The Voyage of the Beagle

The Voyage of the Beagle

by Charles Darwin
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Overview

The Voyage of the Beagle by Charles Darwin

"I hate every wave of the ocean," the seasick Charles Darwin wrote to his family during his five-year voyage on the H.M.S. Beagle. It was this world-wide journey, however, that launched the scientist’s career.

The Voyage of the Beagle is Darwin's fascinating account of his trip - of his biological and geological observations and collection activities, of his speculations about the causes and theories behind scientific phenomena, of his interactions with various native peoples, of his beautiful descriptions of the lands he visited, and of his amazing discoveries in the Galapagos archipelago. Although scientific in nature, the literary quality rivals those of John Muir and Henry Thoreau.

About the Author:
Charles Darwin is the author of one of the most controversial and influential works in Western thought, The Origin of the Species (1859). At age twenty-two, Darwin, who had dropped out of medical school in Edinburgh, became the gentleman companion (and only secondarily, naturalist) to the moody, irascible Captain Robert FitzRoy. Although his father had wanted him to become a pastor, Darwin’s journey on the H.M.S. Beagle led to him instead becoming the forerunner of evolutionary theory.

Product Details

ISBN-13: 9781484816967
Publisher: CreateSpace Publishing
Publication date: 04/25/2013
Pages: 222
Product dimensions: 6.00(w) x 9.00(h) x 0.47(d)

About the Author

Charles Darwin was born in England in 1809 and attended the University of Edinburgh to study medicine. When he decided against that vocation, he enrolled at Cambridge where he earned a degree in theology. During an expedition to Africa and South America, Darwin continued his studies in natural science and began writing about his theories of natural selection. His work led to the publication of On the Origin of Species, a book that changed the world.

Charles Darwin: Original Thinking
Each generation of students comes to Darwin's epoch-making works, several of which are the basis of our publishing program in biology and related fields: The Essential Darwin, 2006; The Descent of Man, 2010; The Expression of the Emotions in Man and Animals, 2006;and On the Origin of the Species, 2006.

In the Author's Own Words:

"A mathematician is a blind man in a dark room looking for a black cat which isn't there."

"I feel most deeply that this whole question of Creation is too profound for human intellect. A dog might as well speculate on the mind of Newton! Let each man hope and believe what he can."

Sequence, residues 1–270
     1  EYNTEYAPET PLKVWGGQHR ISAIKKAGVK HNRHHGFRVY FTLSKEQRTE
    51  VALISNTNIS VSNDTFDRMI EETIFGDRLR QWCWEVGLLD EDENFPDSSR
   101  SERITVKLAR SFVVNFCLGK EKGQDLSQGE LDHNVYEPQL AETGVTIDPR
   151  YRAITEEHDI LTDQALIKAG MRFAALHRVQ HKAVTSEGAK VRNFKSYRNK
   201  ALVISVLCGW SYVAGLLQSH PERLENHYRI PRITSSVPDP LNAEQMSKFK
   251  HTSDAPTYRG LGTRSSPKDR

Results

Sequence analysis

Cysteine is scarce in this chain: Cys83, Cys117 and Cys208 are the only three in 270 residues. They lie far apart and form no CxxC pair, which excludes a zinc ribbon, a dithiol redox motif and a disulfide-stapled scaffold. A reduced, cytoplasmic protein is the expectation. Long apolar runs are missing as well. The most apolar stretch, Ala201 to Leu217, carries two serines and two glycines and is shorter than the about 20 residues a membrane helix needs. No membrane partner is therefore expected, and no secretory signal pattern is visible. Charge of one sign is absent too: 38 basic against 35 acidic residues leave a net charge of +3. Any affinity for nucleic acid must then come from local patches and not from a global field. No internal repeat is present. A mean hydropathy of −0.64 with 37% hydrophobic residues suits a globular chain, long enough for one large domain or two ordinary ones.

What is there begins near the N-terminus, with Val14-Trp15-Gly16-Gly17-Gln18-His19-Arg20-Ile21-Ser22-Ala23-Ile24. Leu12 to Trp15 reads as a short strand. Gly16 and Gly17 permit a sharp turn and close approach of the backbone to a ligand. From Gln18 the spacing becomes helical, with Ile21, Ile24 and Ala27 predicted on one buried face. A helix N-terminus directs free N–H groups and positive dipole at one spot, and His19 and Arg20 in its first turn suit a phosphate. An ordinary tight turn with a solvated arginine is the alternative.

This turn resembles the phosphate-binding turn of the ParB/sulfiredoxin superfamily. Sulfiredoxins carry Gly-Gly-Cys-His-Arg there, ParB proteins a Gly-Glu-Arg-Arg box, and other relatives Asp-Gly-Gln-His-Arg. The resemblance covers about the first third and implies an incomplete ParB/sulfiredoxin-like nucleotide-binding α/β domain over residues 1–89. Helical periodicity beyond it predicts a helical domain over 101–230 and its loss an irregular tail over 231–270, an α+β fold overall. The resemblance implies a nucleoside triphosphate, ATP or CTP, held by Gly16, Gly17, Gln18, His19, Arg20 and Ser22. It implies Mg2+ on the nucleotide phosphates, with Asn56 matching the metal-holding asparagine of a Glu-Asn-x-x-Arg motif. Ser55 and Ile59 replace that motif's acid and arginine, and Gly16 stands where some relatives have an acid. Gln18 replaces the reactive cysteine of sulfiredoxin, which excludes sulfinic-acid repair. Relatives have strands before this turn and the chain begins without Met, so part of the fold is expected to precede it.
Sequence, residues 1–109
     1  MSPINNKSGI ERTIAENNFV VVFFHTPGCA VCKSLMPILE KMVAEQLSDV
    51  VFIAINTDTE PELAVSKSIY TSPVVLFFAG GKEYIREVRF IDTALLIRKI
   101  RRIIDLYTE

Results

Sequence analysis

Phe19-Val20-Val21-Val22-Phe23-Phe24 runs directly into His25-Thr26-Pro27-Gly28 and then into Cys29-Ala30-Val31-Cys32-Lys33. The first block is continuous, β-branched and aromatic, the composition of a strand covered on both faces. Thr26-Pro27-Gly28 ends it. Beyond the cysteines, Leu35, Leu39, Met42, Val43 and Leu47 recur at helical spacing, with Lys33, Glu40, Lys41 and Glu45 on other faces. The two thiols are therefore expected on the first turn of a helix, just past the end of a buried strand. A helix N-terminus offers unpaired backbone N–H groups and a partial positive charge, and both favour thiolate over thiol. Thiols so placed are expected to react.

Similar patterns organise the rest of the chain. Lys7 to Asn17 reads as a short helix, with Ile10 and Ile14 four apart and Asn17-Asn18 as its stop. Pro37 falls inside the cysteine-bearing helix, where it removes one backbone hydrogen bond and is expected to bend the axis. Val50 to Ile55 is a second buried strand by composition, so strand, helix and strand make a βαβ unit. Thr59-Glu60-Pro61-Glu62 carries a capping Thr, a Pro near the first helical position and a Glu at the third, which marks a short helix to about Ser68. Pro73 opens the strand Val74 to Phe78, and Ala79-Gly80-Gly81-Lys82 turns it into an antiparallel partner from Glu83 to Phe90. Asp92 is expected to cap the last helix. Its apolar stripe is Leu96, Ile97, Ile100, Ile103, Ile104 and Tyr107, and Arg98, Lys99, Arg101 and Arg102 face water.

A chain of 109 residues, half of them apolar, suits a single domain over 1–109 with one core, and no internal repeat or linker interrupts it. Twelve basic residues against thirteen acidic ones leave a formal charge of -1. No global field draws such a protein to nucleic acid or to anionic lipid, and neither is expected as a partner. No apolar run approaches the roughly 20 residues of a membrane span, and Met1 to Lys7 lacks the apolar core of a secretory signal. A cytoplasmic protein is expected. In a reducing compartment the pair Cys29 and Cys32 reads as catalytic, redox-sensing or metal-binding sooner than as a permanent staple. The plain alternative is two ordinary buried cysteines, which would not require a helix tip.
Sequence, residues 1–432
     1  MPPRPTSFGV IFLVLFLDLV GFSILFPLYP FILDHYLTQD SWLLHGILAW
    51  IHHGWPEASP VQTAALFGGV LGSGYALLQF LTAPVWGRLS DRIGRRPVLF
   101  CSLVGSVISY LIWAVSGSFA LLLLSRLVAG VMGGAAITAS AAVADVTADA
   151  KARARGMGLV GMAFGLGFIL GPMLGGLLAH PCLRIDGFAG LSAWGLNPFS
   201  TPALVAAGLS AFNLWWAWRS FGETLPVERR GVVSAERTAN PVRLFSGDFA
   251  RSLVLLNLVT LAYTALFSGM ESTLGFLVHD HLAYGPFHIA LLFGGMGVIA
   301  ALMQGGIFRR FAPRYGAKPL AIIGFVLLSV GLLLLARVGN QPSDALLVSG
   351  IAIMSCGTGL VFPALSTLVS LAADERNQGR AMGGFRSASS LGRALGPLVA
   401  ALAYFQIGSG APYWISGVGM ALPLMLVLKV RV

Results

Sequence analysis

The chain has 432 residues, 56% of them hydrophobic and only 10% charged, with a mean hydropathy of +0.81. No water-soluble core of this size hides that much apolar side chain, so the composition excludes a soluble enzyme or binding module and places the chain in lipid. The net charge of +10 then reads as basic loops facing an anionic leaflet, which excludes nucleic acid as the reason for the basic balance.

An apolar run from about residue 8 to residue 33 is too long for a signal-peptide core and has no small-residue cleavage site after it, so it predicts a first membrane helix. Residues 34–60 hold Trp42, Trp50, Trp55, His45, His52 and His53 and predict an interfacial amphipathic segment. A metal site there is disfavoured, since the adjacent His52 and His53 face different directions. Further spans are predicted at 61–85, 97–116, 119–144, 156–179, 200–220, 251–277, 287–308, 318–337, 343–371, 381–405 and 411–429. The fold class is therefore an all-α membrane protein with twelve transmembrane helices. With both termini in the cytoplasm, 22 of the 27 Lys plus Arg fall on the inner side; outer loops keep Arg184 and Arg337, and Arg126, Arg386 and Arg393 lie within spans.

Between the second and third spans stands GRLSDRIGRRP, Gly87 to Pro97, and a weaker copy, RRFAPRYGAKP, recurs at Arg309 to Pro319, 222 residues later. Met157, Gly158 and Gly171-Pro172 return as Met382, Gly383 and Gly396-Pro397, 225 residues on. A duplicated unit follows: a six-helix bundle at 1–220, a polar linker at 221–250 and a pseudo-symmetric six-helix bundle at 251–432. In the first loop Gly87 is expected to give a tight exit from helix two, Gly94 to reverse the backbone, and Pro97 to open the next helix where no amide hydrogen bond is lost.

"Ignorance more frequently begets confidence than does knowledge: it is those who know little, not those who know much, who so positively assert that this or that problem will never be solved by science."

"There is grandeur in this view of life, with its several powers, having been originally breathed into a few forms or into one; and that, whilst this planet has gone cycling on according to the fixed law of gravity, from so simple a beginning endless forms most beautiful and most wonderful have been, and are being, evolved."

"Man with all his noble qualities, with sympathy which feels for the most debased, with benevolence which extends not only to other men but to the humblest living creature, with his god-like intellect which has penetrated into the movements and constitution of the solar system — with all these exalted powers — Man still bears in his bodily frame the indelible stamp of his lowly origin." — Charles Darwin

Date of Birth:

February 12, 1809

Date of Death:

April 19, 1882

Place of Birth:

Shrewsbury, England

Place of Death:

London, England

Education:

B.A. in Theology, Christ¿s College, Cambridge University, 1831

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The Voyage of the Beagle 3.6 out of 5 based on 0 ratings. 23 reviews.
Shadowman More than 1 year ago
I'm a travel writing reader, I work in medicine, and I love a well-written essay. Mr. Darwin has managed to achieve 5 stars in each category in my book. His inquisitive mind and keen observations of flora and fauna make fascinating science reading. His recounting of travels inland, notes on how the people lived, what they ate, what the land was like, provide insights to a time long lost of places I'll probably never see. And his ability to bend the written word to express wonder and amazement at what he experiences at times rivals the best nature writing I've ever come across. This is one of those few books I felt sad to finish, but glad I found at all and elated to have in my library. 5-stars all the way around.
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